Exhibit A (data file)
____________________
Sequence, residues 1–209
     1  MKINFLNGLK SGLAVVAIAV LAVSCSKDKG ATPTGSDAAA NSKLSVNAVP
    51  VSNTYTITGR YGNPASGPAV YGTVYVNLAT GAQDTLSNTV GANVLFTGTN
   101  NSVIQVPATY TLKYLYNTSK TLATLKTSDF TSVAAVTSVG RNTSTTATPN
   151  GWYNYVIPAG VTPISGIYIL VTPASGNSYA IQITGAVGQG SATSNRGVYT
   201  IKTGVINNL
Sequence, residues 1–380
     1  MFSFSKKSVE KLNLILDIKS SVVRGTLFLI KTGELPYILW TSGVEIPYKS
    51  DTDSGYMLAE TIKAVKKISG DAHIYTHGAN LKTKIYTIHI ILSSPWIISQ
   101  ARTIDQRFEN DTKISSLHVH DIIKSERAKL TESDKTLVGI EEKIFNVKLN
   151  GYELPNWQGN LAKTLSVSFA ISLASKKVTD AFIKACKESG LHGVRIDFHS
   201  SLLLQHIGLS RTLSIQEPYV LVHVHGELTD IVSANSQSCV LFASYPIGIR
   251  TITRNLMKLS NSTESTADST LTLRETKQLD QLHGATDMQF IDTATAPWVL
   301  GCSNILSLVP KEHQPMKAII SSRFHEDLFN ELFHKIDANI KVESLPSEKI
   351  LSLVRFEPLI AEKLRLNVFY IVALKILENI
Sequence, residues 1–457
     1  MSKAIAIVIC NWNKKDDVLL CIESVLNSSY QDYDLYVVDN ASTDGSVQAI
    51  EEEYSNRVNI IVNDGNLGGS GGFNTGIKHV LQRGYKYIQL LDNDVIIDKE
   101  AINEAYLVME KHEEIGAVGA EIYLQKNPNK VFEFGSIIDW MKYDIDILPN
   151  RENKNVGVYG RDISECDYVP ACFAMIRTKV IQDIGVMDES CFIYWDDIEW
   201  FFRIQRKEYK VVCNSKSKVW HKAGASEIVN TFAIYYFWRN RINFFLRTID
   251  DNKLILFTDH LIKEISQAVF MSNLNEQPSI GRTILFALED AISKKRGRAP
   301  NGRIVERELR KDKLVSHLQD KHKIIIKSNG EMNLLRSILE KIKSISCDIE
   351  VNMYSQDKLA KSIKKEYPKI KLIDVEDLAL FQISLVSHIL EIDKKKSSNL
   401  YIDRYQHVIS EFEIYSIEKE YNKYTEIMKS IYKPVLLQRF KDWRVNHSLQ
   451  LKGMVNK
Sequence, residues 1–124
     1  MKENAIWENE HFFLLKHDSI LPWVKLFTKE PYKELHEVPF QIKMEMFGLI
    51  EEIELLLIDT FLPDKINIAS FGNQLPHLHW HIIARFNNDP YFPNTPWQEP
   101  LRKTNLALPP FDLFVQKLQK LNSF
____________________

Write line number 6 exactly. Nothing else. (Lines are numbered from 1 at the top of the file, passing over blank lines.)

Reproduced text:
   201  IKTGVINNL